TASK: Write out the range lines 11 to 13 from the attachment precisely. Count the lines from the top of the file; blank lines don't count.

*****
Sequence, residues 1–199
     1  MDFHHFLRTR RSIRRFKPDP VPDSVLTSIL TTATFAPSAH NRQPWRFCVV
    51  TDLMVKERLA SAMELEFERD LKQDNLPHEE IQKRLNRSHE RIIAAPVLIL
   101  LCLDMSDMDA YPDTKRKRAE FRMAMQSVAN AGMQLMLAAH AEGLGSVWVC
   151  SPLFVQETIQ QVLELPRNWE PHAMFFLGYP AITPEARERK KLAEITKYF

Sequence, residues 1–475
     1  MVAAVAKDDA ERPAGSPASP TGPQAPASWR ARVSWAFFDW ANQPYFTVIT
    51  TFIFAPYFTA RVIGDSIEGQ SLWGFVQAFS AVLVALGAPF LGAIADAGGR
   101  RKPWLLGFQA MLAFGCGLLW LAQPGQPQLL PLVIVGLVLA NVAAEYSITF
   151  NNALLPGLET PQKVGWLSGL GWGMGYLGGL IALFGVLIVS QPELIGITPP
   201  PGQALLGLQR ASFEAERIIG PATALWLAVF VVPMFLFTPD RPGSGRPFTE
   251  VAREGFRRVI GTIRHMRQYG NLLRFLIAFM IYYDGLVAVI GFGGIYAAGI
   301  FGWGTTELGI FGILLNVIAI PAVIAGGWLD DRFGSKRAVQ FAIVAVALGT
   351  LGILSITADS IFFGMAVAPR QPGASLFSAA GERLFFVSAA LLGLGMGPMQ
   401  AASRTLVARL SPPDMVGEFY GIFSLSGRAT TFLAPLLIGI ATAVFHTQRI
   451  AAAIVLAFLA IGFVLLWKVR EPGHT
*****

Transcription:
   201  PGQALLGLQR ASFEAERIIG PATALWLAVF VVPMFLFTPD RPGSGRPFTE
   251  VAREGFRRVI GTIRHMRQYG NLLRFLIAFM IYYDGLVAVI GFGGIYAAGI
   301  FGWGTTELGI FGILLNVIAI PAVIAGGWLD DRFGSKRAVQ FAIVAVALGT